This post was adapted from a commentary published on Medium.
When the California Health Care Foundation launched the California Health Data Project last winter, my fellow Sacramento Health Data Ambassador, Joel Riphagen, and I were still brainstorming ways to connect our local health community with efforts by the California Health and Human Services Agency (CHHS) to open its data.
At the CHHS Data Fest in March, we heard from many open-data evangelists who spoke of efforts to free health data across the globe. One of them was Damon Davis, director of the US Health and Human Services Agency (HHS) Health Data Initiative. Davis works in HHS's IDEA Lab, an incubator for innovation, and shared with us the Demand-Driven Open Data project led by David Portnoy, one of their entrepreneurs-in-residence.
Portnoy describes the approach this way: "Demand-Driven Open Data (DDOD) is a framework of tools and methodologies to provide a systematic, ongoing, and transparent mechanism for you to tell public data owners what's most valuable."
This elegant concept perfectly captures our role as health data ambassadors. We're connecting data users with data publishers to help those publishers prioritize the data that's most important to users. And DDOD shows us how to engineer an open-data feedback loop for maximum access and transparency.
How It Works
Like any user-centric approach, DDOD starts with user needs. Requests for data are not framed in terms of specific data sets but rather as use cases that articulate the value of a data set. Because DDOD is a highly structured process, Portnoy developed a template to delineate use cases in the following format:
- Use case summary
- Current data and limitation
- Short-term workaround
- Long-term implementation
Those use cases are then tracked through a set of milestones that moves the use case from a posted need to an implemented (and documented) solution:
Each milestone belongs to one of three roles: the data user, the DDOD administrator, and the data owner. In the DDOD framework, the DDOD administrator plays the role of mediator between the data user and the data owner.
How does DDOD work in practice? Procured Health, a company that makes software for hospital supply chains, submitted a use case based on its need to have a "single source of truth" about medical device recalls. The Food and Drug Administration (FDA) caused a problem by using two different data sources to report medical device recalls. The two sources were inconsistent and difficult to reconcile with one other because the datasets were missing unique identifiers that would allow them to be linked, the company said. Following the DDOD process, Portnoy as DDOD administrator helped solve this problem. The FDA is scheduled to release a solution this summer, and best of all, a transparent activity log allows users to track the progress of requests.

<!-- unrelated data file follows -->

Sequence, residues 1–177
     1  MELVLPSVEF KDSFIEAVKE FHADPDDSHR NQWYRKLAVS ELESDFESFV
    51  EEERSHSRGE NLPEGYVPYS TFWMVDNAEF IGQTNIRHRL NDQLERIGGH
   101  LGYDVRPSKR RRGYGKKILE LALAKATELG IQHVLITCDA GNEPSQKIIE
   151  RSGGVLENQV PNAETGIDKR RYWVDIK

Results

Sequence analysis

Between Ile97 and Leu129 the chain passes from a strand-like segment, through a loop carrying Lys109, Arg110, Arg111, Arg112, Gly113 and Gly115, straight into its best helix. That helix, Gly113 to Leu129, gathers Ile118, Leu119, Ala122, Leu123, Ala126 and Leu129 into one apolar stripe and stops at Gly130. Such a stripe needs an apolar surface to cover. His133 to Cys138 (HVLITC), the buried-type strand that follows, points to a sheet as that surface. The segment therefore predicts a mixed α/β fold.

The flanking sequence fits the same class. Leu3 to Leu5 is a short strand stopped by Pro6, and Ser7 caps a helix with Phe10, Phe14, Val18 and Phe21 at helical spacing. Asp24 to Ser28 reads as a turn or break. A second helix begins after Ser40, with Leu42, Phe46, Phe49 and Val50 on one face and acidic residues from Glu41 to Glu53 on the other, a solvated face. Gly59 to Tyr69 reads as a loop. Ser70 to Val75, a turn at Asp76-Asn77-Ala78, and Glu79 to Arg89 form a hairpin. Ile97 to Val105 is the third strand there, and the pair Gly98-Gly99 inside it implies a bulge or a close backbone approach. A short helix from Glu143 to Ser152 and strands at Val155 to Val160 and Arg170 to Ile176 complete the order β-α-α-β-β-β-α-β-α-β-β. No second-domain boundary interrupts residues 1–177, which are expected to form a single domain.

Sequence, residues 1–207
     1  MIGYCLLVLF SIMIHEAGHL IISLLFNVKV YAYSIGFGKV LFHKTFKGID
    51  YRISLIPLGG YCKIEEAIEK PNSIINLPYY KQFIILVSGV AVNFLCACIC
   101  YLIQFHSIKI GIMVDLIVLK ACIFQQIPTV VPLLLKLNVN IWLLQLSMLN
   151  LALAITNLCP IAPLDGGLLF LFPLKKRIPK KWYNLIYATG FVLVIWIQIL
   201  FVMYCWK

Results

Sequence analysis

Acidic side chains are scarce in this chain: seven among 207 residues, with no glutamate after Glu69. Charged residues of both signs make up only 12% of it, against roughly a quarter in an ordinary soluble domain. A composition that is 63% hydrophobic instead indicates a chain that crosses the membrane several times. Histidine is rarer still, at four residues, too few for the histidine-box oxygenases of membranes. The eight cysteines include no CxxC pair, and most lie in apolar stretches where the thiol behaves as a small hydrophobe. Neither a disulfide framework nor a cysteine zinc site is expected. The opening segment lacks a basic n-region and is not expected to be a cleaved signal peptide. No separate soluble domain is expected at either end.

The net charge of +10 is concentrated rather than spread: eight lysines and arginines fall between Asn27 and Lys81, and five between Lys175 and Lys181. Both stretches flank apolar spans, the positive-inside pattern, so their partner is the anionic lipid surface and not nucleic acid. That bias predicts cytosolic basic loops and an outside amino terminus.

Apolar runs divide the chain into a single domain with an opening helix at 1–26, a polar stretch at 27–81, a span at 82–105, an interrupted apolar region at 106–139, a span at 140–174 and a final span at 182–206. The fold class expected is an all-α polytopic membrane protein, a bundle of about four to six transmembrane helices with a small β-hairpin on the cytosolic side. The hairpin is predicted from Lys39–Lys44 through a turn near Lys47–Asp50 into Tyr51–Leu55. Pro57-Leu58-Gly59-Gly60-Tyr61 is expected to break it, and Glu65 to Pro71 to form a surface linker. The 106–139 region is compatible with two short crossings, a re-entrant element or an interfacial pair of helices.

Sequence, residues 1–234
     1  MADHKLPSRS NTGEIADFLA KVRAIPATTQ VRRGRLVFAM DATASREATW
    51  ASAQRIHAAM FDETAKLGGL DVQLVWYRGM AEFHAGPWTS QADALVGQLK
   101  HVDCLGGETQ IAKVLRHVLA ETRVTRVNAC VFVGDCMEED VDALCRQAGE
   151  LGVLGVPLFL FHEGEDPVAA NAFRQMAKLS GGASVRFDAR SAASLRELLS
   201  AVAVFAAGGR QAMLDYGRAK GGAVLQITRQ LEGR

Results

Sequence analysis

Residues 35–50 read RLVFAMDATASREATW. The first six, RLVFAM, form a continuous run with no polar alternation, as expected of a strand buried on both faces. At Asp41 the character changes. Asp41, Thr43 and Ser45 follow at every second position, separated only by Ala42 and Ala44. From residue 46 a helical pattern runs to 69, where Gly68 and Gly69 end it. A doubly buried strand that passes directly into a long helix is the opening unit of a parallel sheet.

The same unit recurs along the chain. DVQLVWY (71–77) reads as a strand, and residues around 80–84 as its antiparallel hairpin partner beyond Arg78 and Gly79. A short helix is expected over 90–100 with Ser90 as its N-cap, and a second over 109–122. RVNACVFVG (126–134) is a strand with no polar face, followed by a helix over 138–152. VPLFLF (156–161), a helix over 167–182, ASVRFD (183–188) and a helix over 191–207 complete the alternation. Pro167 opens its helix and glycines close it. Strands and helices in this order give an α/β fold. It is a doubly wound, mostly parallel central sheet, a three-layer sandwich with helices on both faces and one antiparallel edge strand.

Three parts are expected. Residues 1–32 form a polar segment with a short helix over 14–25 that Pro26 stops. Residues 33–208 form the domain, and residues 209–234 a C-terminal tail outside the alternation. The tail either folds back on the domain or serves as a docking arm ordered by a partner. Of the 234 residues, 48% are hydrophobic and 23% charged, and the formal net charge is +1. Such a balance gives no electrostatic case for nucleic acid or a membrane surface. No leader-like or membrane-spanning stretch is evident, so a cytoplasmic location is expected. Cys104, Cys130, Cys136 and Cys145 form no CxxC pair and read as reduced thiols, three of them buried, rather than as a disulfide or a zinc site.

Portnoy deployed free and open source tools to pilot the DDOD process, including the use of a wiki, Google Docs, and GitHub Issues. These off-the-shelf technologies can empower innovators to quickly prototype their ideas, test them with real users, and iterate in an agile way. This process of rapid learning helps validate assumptions about the value of a product or process prior to investing in custom software development. Ultimately, however, DDOD will need a more integrated, user-friendly approach in order to scale.
Adopting DDOD in California
One of the more appealing parts of DDOD is that it moves us closer to a world in which interfaces to government can be agnostic as to which agency, department, or level of government is responsible for a given program (or data set in this case). That is, we can easily imagine a DDOD software solution that allows users to enter their use cases on the front end and have those requests routed to the responsible agency on the back end, regardless of the level of government. Local health data stakeholders have consistently expressed that health data being warehoused in myriad locations on the Internet is a source of friction that interferes with putting data to good use.
In fact, Portnoy has posed the question, "What improvements in population health or acceleration of medical discoveries are possible with . . . federal plus state plus local data?" to spur more interagency collaboration around open health data. In response, we asked a local health data stakeholder and nonprofit consultancy, Valley Vision, to submit a use case: The publication of community health needs assessments in the Sacramento region. And our colleagues at CHHS have expressed interest in piloting DDOD at the state level.
As local health data ambassadors, we stand ready to help move these conversations forward and provide the technical assistance necessary to design the technology platforms to make DDOD frictionless. And who knows — this could open doors to something even more ambitious, such as two-way open-data publishing (state to local, local to state) on a single portal. We do know this: A demand-driven approach will be focused on user needs, and in a world of increasingly abundant data, that's something to celebrate.